The Clark County Commission chamber was not a happy place for many who attended Tuesday.
Commissioners unanimously passed a recommendation to the federal government to turn thousands of acres of public land over to developers, while designating hundreds of thousands as wilderness areas.
"In a nutshell, this meeting was about growth," Heidi Kyser, staff writer for Desert Companion, said.
Kyser explained that the county is surrounded by federally managed, public land; in order to expand its developable boundary, changes must be made to the laws governing use of that land.
It has become more pressing as the Department of the Interior has been pushing the Bureau of Land Management to update its own management plan for public lands.
The proposal is a tradeoff between developers and conservationists, Kyser said. Developers will get land they can build homes and businesses on, and conservationists will get protected habitat for fragile species like the desert tortoise.
But not everyone likes the proposal laid out by the county. Some complained that they were only told about the resolution, which now goes to Nevada's congressional delegation, two weeks ago.
Clark County responded that the federal government gave them a year to complete a process that normally could take up to 10 years.
Patrick Donnelly of the Center for Biological Diversity said his group was “deeply disappointed,” and that they were excluded from the process to develop the resolution.
He said the county "hand picked" conservation groups because it knew his group and others had concerns.
"Sure enough the only ones giving support were the ones giving input for the past several years," Donnelly said.
Kyser said support for the plan depended on each group's focus. Those that want wilderness protected were happy because the proposal includes designating more than 80,000 acres of wilderness, but those concerned about habitat preservation were unhappy.
While the deal split conservation groups, original inhabitants of the land were very happy.
Greg Anderson, of the Moapa Band of Paiutes, said his tribe has been trying for years to get back its tribal land. The resolution would increase that reservation by some 40,000 acres.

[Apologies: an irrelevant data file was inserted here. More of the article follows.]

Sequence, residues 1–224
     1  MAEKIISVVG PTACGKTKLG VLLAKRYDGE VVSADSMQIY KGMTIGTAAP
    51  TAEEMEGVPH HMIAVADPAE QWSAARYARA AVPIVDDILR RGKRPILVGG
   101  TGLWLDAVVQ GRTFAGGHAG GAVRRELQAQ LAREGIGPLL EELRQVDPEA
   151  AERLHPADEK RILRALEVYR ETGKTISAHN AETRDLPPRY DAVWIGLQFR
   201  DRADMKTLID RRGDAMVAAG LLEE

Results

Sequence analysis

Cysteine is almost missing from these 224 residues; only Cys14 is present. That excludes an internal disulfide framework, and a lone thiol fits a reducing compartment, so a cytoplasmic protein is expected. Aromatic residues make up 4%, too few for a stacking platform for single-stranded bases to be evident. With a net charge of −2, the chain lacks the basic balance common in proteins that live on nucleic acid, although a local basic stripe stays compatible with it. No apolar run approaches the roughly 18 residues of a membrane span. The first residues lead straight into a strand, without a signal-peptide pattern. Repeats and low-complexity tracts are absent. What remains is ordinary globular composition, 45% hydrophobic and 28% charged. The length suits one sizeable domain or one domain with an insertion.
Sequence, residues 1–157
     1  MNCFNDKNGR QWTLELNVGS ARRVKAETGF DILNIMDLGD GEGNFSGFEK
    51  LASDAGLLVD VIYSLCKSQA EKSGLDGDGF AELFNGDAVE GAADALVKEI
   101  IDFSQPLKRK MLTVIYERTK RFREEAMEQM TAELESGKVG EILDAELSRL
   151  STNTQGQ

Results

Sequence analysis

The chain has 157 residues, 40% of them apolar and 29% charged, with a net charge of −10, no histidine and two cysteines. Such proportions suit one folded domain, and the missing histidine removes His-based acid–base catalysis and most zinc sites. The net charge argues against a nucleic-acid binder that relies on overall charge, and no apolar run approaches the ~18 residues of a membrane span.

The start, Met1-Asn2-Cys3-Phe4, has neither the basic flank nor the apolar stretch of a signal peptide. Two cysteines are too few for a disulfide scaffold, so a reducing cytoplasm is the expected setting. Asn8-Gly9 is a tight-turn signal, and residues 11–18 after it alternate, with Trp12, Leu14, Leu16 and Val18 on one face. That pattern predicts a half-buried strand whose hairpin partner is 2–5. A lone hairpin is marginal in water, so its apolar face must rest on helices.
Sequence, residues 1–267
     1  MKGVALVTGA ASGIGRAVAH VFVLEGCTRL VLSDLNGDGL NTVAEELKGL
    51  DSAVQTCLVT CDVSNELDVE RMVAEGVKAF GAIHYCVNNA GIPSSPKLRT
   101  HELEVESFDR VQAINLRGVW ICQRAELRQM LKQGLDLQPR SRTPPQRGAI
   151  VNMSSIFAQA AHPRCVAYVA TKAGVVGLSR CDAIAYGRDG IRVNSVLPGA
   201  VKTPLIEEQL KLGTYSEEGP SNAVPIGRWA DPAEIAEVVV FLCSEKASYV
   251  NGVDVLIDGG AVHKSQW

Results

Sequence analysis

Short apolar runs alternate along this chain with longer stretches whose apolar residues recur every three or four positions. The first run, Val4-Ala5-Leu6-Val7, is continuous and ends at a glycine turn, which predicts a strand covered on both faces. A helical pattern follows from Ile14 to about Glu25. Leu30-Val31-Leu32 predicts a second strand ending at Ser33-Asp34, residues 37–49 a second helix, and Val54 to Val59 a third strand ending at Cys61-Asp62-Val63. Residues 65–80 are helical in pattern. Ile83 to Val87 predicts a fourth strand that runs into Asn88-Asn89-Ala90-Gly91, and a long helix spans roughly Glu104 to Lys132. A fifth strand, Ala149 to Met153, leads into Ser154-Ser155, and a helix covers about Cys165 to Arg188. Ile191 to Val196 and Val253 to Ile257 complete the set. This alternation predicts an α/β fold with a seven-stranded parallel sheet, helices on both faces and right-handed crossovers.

“I think it’s a great opportunity for our tribe,” he said. "We've been asking for our land back for years. We had a bill in Congress before and it didn't go through."
While the Paiute Tribe is celebrating, the group that was perhaps the most disappointed was off-highway vehicles owners. They race in the area south of Las Vegas along I-15, where aa large swath of land would be developed, under the current proposal.
Off-road racers who use some of the area for the annual Mint 400 race say 40 to 50 percent of their race route could be impacted.
"There were business people who said, quite frankly, that this would put them out of business if this happened," Kyser said.
The county is trying to work out a compromise for that group. Following the vote on the land transfer proposal, the county agreed to establish an advisory committee for the OHV community.
But the underlying problem is that Clark County is growing - like it or not - and the county is trying to make sure that growth aligns with its other goals.
"Clark County is really wrangling to have a plan that as many people as possible can agree on before another party comes in from the outside and just starts chopping off these lands willy-nilly and auctioning them off," Kyser said.
The resolution will now be in the hands of Nevada’s elected officials in Congress. The county has asked that to be involved in the crafting and approval of a related bill as it moves through the process.
Heidi Kyser, staff writer, Desert Companion
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